8. Hi, this is great, I’m also rewatching the Endeavours of Morse at the moment.
    I believe you missed the landlady’s reference to ‘Mr. Goldberg and Mr. McCann, two very nice gentlemen.’ from the Birthday Party by Harold Pinter. There may be others. I’ve certainly spotted many film and novel references in later episodes.

  9. Hi, regarding Morse talking about his mentor and not mentioning Fred Thursday, it’s possible that McNutt became Morse’s mentor after Thursday’s retirement

      1. McNutt was Morse’s mentor when Morse was a Detective Sergeant. He only become that rank at the end of the fourth series.

  10. Wonderful review! And helpful! You set a high standard for yourself, which is great for us but may not be so easy for you!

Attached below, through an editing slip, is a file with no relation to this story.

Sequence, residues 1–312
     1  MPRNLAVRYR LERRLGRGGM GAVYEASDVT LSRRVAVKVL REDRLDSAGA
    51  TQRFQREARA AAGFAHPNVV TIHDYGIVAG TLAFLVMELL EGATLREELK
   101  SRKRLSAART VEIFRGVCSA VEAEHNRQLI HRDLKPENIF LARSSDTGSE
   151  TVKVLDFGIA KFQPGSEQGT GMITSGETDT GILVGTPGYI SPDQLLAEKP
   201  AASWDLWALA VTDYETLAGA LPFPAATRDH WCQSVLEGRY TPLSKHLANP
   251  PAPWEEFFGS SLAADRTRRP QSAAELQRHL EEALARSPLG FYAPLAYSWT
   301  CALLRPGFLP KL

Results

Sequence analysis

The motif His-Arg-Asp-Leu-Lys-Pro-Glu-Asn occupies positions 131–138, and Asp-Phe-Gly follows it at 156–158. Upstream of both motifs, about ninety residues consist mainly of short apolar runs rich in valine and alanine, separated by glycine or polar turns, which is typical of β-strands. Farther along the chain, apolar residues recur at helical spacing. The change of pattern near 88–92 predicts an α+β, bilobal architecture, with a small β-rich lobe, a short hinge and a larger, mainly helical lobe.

I watched the original “Morse” episodes way back when they first came out, and sporadically at that, so I’ve been trying to play catch-up on the character since I became and “Endeavour” addict. That, in fact, is how I found your blog. Wikipedia also has a pretty extensive biography of the character. One thing that puzzles me(among several, so far) goes back to his unseen upbringing, which, of course, we only learn about in fits and starts across the two series. The Wikipedia cites the “Morse” episode Cherubim and Seraphim as saying his parents divorced when he was twelve and his mother died three years later, which is when he went to live with his father and step-mother. But in this episode, he says his mother died when he was twelve. I tend to cut pilot episodes some slack, because the point of them is to try things and see if they work…and inevitably some of those things don’t. So it didn’t bother me too much that they may have gotten this wrong, but it’s been repeated in several episodes since. So…which is it? (And, let’s be honest: Does it matter that much?)